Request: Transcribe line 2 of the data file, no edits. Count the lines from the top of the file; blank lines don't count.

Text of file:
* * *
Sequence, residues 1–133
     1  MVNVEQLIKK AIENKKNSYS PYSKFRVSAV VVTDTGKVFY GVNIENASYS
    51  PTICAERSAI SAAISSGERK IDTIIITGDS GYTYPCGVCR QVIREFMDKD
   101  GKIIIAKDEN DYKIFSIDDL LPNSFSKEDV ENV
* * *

     1  MVNVEQLIKK AIENKKNSYS PYSKFRVSAV VVTDTGKVFY GVNIENASYS